Shops to stop handing out plastic bags next month

PUBLISHED : Thursday, 19 February, 2009, 12:00am
UPDATED : Thursday, 19 February, 2009, 12:00am

Plastic bags will no longer be handed out automatically in many shops across Hong Kong - people will instead have to ask for them.

The campaign, to be launched on March 3, essentially means the current 'No Plastic Bag Day', practised by major retailers will go from the current one day a week to every day.

Consumers won't receive plastic shopping bags at cashier counters unless they ask for them. There won't be a charge for the bags, although some retailers would continue to encourage shoppers to make donations to green groups.

The Hong Kong Retail Management Association, which announced the measure yesterday, said it hoped the campaign would lead to 400 million fewer bags being used every year. That would be almost half the number of bags Hong Kong used in 2005, according to the association's estimates.

The campaign will involve 18 chains, covering about 2,000 shops.

The association said the reduction target was achievable. Retailers had cut the number of bags by 150 million in 2006 under various voluntary initiatives, it said.

Caroline Mak Sui-king, chairwoman of the association, said the campaign was not aimed as an alternative scheme to the plastic bag levy proposal the government was now fine-tuning before introducing into the legislature. She did believe, however, that the campaign would show what could be achieved on a voluntary basis.

Ms Mak said it was hoped the new move would help nudge shoppers towards the habit of taking their own bags when they go out shopping.

'We believe the voluntary scheme, coupled with consumer education, is the most effective way to reduce plastic bag usage, and therefore more time should be given to the retail industry and customers to prove that voluntary efforts are effective,' Ms Mak said.

Under the government's levy proposal, customers would have to pay 50 cents for each bag they request. The Legislative Council subcommittee that is charged with studying the levy proposal is due to meet today.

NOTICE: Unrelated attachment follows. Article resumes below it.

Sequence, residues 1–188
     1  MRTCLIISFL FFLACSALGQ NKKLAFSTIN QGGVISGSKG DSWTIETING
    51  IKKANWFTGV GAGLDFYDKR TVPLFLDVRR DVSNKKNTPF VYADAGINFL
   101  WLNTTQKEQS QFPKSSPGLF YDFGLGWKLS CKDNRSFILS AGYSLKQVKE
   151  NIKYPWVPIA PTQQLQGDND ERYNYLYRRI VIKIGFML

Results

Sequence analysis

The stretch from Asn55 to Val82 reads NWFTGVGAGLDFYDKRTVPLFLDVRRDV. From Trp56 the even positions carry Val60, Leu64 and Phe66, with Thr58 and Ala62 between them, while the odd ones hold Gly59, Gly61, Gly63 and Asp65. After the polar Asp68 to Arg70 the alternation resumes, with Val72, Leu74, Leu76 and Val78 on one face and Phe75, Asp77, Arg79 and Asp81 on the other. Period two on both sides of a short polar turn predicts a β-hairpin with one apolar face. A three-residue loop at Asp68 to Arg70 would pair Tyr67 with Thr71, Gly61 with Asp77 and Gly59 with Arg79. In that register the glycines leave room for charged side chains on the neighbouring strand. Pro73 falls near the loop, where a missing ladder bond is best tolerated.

Ms Mak refused to say whether the levy should be delayed to see what a voluntary scheme accomplished. But she said the campaign would end once lawmakers endorsed the levy.

A spokesman for Wellcome said that the introduction of No Plastic Bag Day, along with other incentive schemes, had saved the chain about 50 million bags between 2006 and last year.

The total donations they received from customers who asked for bags was HK$160,000 last year.

Vincent Fang Kang, a lawmaker representing the retail and wholesale trade, pledged support for the trade's initiative. But he believed it had come too late as most of the groundwork and support for the new levy was in already in place. 'It has come too late and it is unlikely that the government would change its plan,' he said.

But he suggested delaying the tax until the economy gained a better footing.

Edward Yau Tang-wah, secretary for the environment, also welcomed the retailers' move but stressed that the government would press ahead with the levy.

'The issue has been discussed widely in the community and the public has indicated their support for the levy. We will table our legislation hoping to implement the levy as soon as possible,' he said.

Edwin Lau Che-feng, director of Friends of the Earth, said there should not be any delay in the plastic bag levy. 'We have publicised 'bring your own bag' since 1993 and there has been little behavioural change. Without a financial incentive, it would be difficult to make substantial cut in plastic bag abuse,' he said.

Joining the cause

Retail chains that will take part in the campaign

7-Eleven, China Resources Vanguard, City'super, Fusion by ParknShop, GNC, Gourmet, Great, International by ParknShop, Mannings, Marketplace by Jasons, Oliver's the Delicatessen, ParknShop, Taste, ThreeSixty, Vango, Watsons, Wellcome